Cowtan & Way airbrushing

The Cowtan & Way version of Hadcrut4 uses a kriging technique to extrapolate values into those parts of the world where there are no direct measurements. Originally I had assumed that this fit was guided by the use of UAH satellite tropospheric temperature data and therefore more valid than that say used by GISS. However this is not really true as kriging has been used on all Hadcrut4 gridded data back to 1850, and the difference between the Hybrid (satellite) and kriging only results since 1979 is minimal. The net effect of this is to airbrush away regional variability. This can be seen by comparing the meridional temperature profiles of the original Hadcrut4.5 data with those of Cowtan & Way.

Figure 1. All 117 meridional H4 temperature anomaly profiles from 1990 to 2016. They are coloured blue if the annual global anomalies < -0.2C, Blue,-0.2<grey<0.2, 0.2<yellow<0.4, red > 0.4. Traces are 80% transparent to view them all.

Figure2: Same as above but with Cowtan & Way regional profiles plotted with latitude (meridional)

All profiles have been nicely smoothed out with warming concentrated at the North Pole and the Antarctic. The Antarctic profiles are all sorted so that the warmest also agree with those at the North Pole. What a tidy picture – but is it true or just a by-product of the fit?

Here are the  annual averaged anomalies calculated using the above profiles.

Figure 3: Comparison of the Hadcrut4.5 annual temperature anomalies with those calculated using the profiles in Figure 2.

The boost in warming from 2000 onwards is because the high latitude temperature profiles have been untangled by the algorithm. Kriging forces a smoothed spline dependence with latitude all the way to 90N.

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Temperature data averaged 3 ways

How should you calculate annual global temperature data? We start with Hadcrut4.5 gridded monthly data defined on a 5×5 degree grid and then form the global area weighted average in 3 different ways.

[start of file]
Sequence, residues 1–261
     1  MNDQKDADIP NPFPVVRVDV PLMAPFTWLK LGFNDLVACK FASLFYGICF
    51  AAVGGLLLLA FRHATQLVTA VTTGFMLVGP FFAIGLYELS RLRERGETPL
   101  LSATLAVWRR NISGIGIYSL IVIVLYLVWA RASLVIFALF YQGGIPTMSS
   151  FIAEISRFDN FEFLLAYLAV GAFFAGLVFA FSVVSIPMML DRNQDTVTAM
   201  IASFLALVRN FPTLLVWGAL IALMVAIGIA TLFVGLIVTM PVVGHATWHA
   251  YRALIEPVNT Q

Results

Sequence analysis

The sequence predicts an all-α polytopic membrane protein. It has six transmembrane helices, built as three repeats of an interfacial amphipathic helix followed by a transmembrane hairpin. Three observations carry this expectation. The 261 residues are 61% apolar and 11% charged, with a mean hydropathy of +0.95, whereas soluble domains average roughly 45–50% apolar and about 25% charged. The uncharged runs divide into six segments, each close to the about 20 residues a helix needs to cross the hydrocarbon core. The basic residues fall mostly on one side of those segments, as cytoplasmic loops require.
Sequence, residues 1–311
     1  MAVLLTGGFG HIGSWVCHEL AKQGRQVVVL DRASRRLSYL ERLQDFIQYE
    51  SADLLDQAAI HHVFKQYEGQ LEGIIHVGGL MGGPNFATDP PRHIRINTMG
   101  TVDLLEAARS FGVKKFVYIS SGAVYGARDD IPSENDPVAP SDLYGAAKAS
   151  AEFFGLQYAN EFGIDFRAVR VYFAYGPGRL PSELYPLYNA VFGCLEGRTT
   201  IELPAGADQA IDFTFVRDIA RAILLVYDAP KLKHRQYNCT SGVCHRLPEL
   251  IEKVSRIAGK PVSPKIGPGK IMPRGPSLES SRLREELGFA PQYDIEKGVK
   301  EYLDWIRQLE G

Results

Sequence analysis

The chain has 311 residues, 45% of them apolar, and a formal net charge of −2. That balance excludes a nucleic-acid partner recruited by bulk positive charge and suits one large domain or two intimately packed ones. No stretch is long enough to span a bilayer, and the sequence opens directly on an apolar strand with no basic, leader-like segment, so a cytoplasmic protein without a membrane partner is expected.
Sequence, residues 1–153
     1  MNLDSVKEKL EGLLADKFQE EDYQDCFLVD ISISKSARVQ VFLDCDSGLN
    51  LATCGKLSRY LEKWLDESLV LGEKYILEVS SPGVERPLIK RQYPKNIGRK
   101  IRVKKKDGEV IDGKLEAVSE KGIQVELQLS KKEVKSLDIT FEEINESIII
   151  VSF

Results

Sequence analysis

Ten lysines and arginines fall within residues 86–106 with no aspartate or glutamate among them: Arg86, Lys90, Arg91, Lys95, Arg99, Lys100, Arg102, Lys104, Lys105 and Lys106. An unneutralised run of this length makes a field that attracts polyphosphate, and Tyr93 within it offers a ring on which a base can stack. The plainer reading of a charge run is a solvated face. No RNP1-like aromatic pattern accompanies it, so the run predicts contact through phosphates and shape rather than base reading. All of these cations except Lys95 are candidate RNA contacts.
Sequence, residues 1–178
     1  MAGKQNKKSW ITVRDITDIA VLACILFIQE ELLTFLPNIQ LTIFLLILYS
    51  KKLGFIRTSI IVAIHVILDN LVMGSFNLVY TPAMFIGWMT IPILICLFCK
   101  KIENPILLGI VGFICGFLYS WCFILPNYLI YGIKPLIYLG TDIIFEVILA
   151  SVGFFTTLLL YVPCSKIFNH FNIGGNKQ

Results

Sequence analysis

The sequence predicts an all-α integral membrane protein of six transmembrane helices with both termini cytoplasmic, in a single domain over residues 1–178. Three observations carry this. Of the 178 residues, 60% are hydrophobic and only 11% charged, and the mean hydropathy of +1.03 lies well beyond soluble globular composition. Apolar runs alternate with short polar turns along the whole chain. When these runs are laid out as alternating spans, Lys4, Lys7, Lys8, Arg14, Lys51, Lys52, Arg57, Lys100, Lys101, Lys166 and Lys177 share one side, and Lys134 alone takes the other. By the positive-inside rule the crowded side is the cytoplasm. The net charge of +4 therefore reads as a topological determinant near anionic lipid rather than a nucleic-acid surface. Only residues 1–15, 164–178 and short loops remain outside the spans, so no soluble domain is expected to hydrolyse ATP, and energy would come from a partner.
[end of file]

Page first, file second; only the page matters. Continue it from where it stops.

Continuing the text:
1. Integrate the annual anomaly  over month,lat & lon all in one go, weighting by cos(lat)
  2. First calculate the yearly averaged grid.  Then integrate this over lat, lon grid points weighted by cos(lat)
  3. As 2. but first calculate the NH average and the SH average.  Then calculate for GL = (SH+NH)/2

This is what I get

3 ways to calculate the global annual average from monthly data compared to the official 0) is H4 published annual series.

There is a systematic difference between the 3 methods. Hadcrut4.5 seems to be using the single pass average as this gives almost identical results to mine – but not quite. Most   differences in the 3 methods are concentrated in the years before 1950, when the distribution of measurements was sparser, and mostly concentrated in the Northern hemisphere.

The Land only temperatures CRUTEM3 used the (NH+SH)/2 method until about 2011, but then switched to (2NH+SH)/3 for CRUTEM4, the argument being that the NH contains about twice the land surface of the southern hemisphere. If we now also apply second method  to the latest GCHN V3C station data, then this is the result.

Comparison of V3C temperature anomalies calculated using CRU’s gridding and averging software to CRUTEM4 annual values.